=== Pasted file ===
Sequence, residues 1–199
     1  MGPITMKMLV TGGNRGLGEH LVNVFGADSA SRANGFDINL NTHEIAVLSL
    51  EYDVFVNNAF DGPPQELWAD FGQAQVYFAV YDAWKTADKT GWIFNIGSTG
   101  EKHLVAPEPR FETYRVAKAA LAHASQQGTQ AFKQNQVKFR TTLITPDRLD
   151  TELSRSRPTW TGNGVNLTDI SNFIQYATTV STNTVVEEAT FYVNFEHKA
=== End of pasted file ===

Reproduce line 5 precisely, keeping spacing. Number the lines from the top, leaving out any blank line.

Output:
   151  TELSRSRPTW TGNGVNLTDI SNFIQYATTV STNTVVEEAT FYVNFEHKA